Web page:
The Third Dimension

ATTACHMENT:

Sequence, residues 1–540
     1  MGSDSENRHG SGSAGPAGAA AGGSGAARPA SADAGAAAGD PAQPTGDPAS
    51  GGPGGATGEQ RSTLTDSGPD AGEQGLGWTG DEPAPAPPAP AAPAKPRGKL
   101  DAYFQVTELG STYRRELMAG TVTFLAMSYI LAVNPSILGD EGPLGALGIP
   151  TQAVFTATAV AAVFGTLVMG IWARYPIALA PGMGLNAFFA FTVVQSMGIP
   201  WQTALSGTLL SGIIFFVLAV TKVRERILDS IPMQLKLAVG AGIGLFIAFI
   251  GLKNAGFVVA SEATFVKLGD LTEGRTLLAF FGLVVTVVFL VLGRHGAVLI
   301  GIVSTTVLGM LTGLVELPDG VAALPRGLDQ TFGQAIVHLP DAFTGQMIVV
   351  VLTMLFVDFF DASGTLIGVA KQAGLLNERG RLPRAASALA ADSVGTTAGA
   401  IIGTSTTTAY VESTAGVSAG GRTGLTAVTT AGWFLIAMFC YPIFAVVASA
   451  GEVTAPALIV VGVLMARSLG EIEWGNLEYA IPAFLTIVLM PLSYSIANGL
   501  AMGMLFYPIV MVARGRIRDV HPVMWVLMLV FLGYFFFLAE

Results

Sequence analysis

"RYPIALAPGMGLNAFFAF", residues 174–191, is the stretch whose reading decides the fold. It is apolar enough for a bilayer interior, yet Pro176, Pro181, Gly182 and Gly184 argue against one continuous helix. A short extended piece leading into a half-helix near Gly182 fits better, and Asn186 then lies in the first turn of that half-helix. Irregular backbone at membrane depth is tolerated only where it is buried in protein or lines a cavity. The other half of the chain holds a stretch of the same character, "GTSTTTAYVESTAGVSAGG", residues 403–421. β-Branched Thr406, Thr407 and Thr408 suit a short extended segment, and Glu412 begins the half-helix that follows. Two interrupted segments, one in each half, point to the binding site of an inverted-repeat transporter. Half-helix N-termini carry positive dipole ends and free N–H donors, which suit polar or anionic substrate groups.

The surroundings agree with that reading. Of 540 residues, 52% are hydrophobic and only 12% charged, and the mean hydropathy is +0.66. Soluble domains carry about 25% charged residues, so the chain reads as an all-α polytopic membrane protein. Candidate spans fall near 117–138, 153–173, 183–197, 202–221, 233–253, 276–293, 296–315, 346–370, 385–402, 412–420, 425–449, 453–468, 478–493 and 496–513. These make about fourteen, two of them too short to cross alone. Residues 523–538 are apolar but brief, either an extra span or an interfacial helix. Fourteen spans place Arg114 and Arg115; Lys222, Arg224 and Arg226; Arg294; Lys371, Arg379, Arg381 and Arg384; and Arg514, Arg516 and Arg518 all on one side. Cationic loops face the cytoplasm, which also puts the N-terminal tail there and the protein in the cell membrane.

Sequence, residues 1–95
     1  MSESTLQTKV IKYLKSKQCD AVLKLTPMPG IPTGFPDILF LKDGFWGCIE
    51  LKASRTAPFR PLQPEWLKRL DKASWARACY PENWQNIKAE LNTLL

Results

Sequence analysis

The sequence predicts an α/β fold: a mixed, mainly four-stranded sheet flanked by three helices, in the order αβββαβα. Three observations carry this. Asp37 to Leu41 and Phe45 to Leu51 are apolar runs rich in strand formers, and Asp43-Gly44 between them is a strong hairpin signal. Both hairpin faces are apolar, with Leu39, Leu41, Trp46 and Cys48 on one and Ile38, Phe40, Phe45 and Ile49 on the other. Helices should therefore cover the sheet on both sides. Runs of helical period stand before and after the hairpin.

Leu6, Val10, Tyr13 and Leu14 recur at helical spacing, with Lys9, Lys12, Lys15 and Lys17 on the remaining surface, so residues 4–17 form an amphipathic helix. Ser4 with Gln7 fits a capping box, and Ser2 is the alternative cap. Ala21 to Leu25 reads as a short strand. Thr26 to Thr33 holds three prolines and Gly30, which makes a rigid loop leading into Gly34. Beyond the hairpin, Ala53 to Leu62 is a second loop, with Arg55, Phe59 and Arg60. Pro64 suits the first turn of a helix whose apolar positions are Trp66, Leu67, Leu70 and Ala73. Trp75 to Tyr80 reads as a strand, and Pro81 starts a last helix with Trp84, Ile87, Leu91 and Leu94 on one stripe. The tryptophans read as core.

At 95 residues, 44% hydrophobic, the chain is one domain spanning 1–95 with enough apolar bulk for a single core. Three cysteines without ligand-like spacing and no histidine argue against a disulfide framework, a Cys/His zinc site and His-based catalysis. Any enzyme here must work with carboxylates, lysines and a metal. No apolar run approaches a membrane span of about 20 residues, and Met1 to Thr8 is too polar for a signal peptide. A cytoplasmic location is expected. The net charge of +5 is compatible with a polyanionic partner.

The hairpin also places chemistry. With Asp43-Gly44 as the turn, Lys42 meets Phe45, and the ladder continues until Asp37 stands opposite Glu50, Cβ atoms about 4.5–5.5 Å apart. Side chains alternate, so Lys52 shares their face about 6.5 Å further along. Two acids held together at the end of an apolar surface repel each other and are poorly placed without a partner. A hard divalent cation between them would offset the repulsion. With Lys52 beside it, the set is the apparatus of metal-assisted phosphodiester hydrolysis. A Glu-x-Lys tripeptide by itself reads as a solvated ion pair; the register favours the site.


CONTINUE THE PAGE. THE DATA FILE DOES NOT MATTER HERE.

“In times of peace, workers or employers or university professors unite for a while on particular issues, permitting temporary generalizations. But all statements based on national or professional classifications are always misleading. Even in constituted bodies that poll their members — a legislature or a medical association — there are always minorities of whom what is true is the exact opposite of the majority truth. Minorities may be overlooked in practical affairs, but in critical judgments, in histories, in anything resembling a desire to know, the recording of divergence is the third dimension necessary to a lifelike portrayal. The urge is strong to speak of groups as if their actions formed an indivisible whole, and it is hard to be sure which of the infinite number of differences are significant, but usually that discovery is the point of the investigation, as when Napoleon III consulted his prefects to find out whether France was ready for war with Prussia. More than half said no: he disregarded them in favor of the other, more congenial view, and so put himself back into the state of ignorance from which he had tried to lift himself by asking. The same error is committed in any assumption of unanimity.” (Jacques Barzun, Race: A Study in Superstition)